40. Hutchinson, Todd F.; Boerner, Ralph E. J.; Sutherland, Steve; Sutherland, Elaine K.; Ortt, Marilyn; Iverson, Louis R. 2005. Prescribed fire effects on the herbaceous layer of mixed-oak forests. Canadian Journal of Forest Research. 35(4): 877-890. 
41. Imanishi, H.; Tsuyuzaki, H.; Terui, S. 2008. Growth habit, the effect of shading and soil moisture content on primocane growth of Rubus spp. native to the Tohoku region in Japan. Acta Horticulturae. 777: 251. 
42. Innis, Anne Foss. 2005. Comparative ecology of the invasive Rubus phoenicolasius and the native Rubus argutus. College Park, MD: University of Maryland. 146 p. Dissertation. 
43. Jennings, D. L.; Tulloch, M. M. 1964. Studies on factors which promote germination of raspberry seeds. Journal of Experimental Botany. 16(47): 329-340. 
44. Johnson, Douglas E. 1999. Surveying, mapping, and monitoring noxious weeds on rangelands. In: Sheley, Roger L.; Petroff, Janet K., eds. Biology and management of noxious rangeland weeds. Corvallis, OR: Oregon State University Press: 19-36.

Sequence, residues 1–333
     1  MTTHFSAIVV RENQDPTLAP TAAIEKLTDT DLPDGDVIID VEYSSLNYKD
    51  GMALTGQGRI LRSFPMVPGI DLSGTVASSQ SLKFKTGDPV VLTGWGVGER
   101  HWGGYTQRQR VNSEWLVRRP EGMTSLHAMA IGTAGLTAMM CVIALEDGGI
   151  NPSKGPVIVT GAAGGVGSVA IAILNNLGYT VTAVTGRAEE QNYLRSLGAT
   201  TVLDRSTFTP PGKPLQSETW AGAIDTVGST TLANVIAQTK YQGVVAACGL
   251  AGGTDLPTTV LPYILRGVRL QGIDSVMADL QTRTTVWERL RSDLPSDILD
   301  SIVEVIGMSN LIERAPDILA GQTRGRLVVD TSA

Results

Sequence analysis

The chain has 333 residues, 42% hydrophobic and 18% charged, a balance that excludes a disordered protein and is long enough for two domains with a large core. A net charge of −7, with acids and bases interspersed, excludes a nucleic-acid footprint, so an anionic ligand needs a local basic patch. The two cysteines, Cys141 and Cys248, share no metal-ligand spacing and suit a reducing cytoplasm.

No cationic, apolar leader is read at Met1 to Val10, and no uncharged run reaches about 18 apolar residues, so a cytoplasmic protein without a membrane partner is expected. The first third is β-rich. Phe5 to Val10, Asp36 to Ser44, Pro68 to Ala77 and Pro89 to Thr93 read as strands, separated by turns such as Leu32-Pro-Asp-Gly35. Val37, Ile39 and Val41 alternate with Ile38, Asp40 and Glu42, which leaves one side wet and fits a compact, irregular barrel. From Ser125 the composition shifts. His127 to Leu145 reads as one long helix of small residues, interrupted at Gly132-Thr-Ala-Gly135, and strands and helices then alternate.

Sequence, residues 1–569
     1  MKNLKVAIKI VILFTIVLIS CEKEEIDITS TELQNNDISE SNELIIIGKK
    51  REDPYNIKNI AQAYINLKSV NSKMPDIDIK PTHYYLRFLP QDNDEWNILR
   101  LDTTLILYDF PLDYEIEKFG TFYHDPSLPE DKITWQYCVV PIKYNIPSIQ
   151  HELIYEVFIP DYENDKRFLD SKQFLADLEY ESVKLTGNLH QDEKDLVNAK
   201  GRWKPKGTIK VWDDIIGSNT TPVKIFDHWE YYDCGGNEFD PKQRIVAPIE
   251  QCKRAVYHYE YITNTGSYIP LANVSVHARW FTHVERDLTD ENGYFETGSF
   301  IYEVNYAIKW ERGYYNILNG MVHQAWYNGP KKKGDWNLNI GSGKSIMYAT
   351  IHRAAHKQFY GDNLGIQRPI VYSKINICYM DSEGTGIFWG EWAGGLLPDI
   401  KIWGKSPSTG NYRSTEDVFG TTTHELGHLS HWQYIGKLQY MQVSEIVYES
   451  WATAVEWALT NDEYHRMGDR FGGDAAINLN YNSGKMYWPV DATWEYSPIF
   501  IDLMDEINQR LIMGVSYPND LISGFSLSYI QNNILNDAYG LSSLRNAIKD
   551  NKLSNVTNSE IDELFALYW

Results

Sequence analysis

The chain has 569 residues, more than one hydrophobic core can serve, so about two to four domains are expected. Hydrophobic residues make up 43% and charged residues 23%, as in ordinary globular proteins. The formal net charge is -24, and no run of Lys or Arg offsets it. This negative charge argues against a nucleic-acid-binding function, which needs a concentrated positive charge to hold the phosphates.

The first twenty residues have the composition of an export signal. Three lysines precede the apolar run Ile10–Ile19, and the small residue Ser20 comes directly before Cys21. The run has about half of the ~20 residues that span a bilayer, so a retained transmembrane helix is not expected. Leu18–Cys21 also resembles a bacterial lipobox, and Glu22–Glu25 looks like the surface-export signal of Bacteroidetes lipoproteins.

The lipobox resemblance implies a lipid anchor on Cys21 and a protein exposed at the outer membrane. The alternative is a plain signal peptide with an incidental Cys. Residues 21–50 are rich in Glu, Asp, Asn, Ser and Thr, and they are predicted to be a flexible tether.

45. Johnston, Mark; Woodard, Paul. 1985. The effect of fire severity level on postfire recovery of hazel and raspberry in east-central Alberta. Canadian Journal of Botany. 63: 672-677. 
46. Jordan, Ramon. 2001. USDA plant hardiness zone map, [Online]. Washington, DC: U.S. Department of Agriculture, Agricultural Research Service, National Arboretum (Producer). Web version of: 1990 USDA plant hardiness zone map. Miscellaneous Publication No. 1475. Available: http://www.usna.usda.gov/Hardzone/ushzmap.html [2004, August 30]. 
47. Kartesz, John T. 1999. A synonymized checklist and atlas with biological attributes for the vascular flora of the United States, Canada, and Greenland. 1st ed. In: Kartesz, John T.; Meacham, Christopher A. Synthesis of the North American flora (Windows Version 1.0), [CD-ROM]. Chapel Hill, NC: North Carolina Botanical Garden (Producer). In cooperation with: The Nature Conservancy; U.S. Department of Agriculture, Natural Resources Conservation Service; U.S. Department of the Interior, Fish and Wildlife Service.